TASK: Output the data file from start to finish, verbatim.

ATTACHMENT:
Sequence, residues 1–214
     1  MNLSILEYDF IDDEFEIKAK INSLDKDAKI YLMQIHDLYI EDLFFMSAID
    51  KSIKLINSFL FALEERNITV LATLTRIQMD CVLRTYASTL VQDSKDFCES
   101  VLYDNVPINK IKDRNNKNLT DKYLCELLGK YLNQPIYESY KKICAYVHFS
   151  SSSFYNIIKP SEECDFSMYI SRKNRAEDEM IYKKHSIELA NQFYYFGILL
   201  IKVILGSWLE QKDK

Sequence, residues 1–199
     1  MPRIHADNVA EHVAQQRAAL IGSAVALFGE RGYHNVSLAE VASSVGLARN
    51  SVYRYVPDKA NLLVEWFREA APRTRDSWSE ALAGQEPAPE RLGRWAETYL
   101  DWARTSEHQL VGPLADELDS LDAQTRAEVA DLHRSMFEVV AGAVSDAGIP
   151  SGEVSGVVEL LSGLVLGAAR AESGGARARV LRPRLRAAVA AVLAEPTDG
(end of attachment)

Sequence, residues 1–214
     1  MNLSILEYDF IDDEFEIKAK INSLDKDAKI YLMQIHDLYI EDLFFMSAID
    51  KSIKLINSFL FALEERNITV LATLTRIQMD CVLRTYASTL VQDSKDFCES
   101  VLYDNVPINK IKDRNNKNLT DKYLCELLGK YLNQPIYESY KKICAYVHFS
   151  SSSFYNIIKP SEECDFSMYI SRKNRAEDEM IYKKHSIELA NQFYYFGILL
   201  IKVILGSWLE QKDK

Sequence, residues 1–199
     1  MPRIHADNVA EHVAQQRAAL IGSAVALFGE RGYHNVSLAE VASSVGLARN
    51  SVYRYVPDKA NLLVEWFREA APRTRDSWSE ALAGQEPAPE RLGRWAETYL
   101  DWARTSEHQL VGPLADELDS LDAQTRAEVA DLHRSMFEVV AGAVSDAGIP
   151  SGEVSGVVEL LSGLVLGAAR AESGGARARV LRPRLRAAVA AVLAEPTDG